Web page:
The cinematic inspirations behind Archangel: Hellfire's VR mechs

How Skydance Interactive brought movie magic to the forefront of gaming tech.

Ever wanted to strap yourself into one of Pacific Rim’s Jaegers for a heavy-metal throwdown? Archangel: Hellfire is the closest you may ever get to the real thing. A fully VR title, Archangel lets you hop directly into the cockpit of a multistory mech and begin dishing out justice in the war between the US Free Forces and the autocratic HUMNX regime.

Originally launched last year as a single player experience, the multiplayer component has now arrived in the form of Hellfire, bringing destructive PvP battles. In showing off the new release, developer Skydance Interactive is able to highlight how far Archangel has come since it first entered early access. Speaking in a new interview, Skydance programmer Pablo Leon-Luna discussed the cinematic influences for the game, and how Skydance built on them to develop their own world.

Origins of an angel

It’s no surprise that players who leapt into Archangel’s single player immediately likened its robot-on-robot action to Pacific Rim’s big-screen monster-bashing. The films played a big inspiration for the game, particularly in the art direction of the mechs.

“Pacific Rim is definitely a favorite, especially on the art side of the Archangel development team,” says Pablo. “A lot of our artists draw a lot of inspiration from scale, from the look of the Pacific Rim mechs, and when the Pacific Rim trailer dropped, all of our art team was going nuts pointing out the different shaders and materials they were using.”

Skydance isn’t hesitant to note their sources of inspiration, also citing mech games such as Zone of the Enders and Hawken as paving the way to their VR entry in the genre. That’s not to say Archangel isn’t doing its own thing however, as Skydance is keen to show.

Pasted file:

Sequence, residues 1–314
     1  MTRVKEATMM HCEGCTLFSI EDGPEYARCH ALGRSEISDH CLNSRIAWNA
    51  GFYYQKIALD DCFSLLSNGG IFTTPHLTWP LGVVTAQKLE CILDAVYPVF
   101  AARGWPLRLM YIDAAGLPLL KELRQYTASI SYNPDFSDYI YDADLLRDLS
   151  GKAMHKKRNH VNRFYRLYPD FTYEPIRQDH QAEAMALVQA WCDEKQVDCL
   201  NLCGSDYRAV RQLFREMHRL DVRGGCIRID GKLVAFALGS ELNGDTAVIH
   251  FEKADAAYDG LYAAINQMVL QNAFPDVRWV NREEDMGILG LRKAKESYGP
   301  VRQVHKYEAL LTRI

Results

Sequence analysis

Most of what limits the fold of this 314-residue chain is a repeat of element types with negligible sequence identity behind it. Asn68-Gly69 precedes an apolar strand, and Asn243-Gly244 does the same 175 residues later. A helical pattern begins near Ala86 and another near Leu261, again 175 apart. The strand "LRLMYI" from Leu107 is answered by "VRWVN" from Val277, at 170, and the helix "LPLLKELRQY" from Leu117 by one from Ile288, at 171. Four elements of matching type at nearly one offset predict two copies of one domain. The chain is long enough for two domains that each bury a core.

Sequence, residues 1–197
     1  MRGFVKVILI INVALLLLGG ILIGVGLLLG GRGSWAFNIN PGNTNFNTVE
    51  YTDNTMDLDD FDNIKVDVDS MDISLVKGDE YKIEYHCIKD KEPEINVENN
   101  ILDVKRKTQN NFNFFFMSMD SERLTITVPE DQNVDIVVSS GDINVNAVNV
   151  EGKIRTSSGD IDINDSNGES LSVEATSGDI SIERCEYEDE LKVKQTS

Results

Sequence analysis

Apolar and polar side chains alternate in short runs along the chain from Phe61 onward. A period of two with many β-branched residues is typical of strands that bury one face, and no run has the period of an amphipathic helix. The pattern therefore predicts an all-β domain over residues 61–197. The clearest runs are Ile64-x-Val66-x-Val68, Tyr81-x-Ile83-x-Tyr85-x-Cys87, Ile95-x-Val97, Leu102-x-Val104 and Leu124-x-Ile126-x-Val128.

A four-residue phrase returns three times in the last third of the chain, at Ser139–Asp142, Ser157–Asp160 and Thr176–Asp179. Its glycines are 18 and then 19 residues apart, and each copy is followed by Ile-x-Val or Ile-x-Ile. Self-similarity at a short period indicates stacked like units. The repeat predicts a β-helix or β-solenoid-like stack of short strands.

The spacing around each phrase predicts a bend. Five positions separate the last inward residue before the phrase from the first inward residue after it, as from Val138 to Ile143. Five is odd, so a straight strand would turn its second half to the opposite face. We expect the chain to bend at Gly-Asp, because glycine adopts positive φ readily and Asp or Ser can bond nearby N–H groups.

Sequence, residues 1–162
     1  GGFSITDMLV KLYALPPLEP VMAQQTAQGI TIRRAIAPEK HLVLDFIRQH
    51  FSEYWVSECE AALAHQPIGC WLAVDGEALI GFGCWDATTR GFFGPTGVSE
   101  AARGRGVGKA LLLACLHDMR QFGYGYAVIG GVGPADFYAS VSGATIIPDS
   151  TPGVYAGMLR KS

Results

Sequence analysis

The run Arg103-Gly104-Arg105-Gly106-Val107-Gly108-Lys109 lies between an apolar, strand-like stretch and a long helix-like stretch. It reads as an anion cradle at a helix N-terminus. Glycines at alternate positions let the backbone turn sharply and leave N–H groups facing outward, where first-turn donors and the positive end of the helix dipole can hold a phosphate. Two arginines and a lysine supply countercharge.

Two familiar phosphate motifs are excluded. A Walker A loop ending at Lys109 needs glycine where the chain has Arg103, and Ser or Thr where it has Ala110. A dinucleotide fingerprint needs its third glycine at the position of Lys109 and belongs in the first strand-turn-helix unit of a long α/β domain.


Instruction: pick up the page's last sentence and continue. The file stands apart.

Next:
“The lore of our game is a little bit different. We have two different factions that are unique to our universe,” Pablo details. “In terms of the weapons used, we’ve come up with specific weapons for our universe that make sense in it.”

What this means is a much heavier emphasis on range. While Archangel’s mechs do have some close combat options, VR combat is typically more satisfying experience when engaging from a distance. Archangel: Hellfire adapts traditional FPS weaponry to mech scale, offering players a degree of familiarity with the guns they’ll have access too, albeit far more powerful ones than most games exhibit.

“Pacific Rim has more of a large scale feel than us,” Pablo says. “We offer smaller mechs as well, and the arsenal of weapons you’ll be using feel more on that scale, we’re talking machine guns, multi-rockets, sniper rifles — that sort of thing.”

© Skydance Interactive
© Skydance Interactive

Hollywood at heart

Archangel’s impressive visual and auditory effects are key factors in selling the VR mech experience, and Skydance holds a notable advantage here thanks to the company's experience.

“Skydance’s roots as a Hollywood company definitely influences the way we look at production value,” says Pablo. “Every day our litmus test is: is this great, is this fun, and does this meet our standard of excellence?

“If you like watching Pacific Rim, then you’ll like Archangel… Anyone who’s a fan of the mech franchise, of Pacific Rim, is going to have a great time duking it out in Archangel.”

Archangel: Hellfire, which is only available for VR, offers a full single player campaign to stomp through as well as full, PvP multiplayer you can soar into with your mech of choice. Players can go head to head on two different and highly destructible maps in team-based matches.

Archangel: Hellfire is available now on Steam for Oculus and HTC Vive owners.

This post is sponsored by Skydance Interactive.

Associate Editor

Henry Stenhouse serves an eternal punishment as the Associate Editor of AllGamers. He spent his younger life studying the laws of physics, even going so far as to complete a PhD in the subject before video games stole his soul. Confess your love of Super Smash Bros. via email at, or catch him on Twitter.


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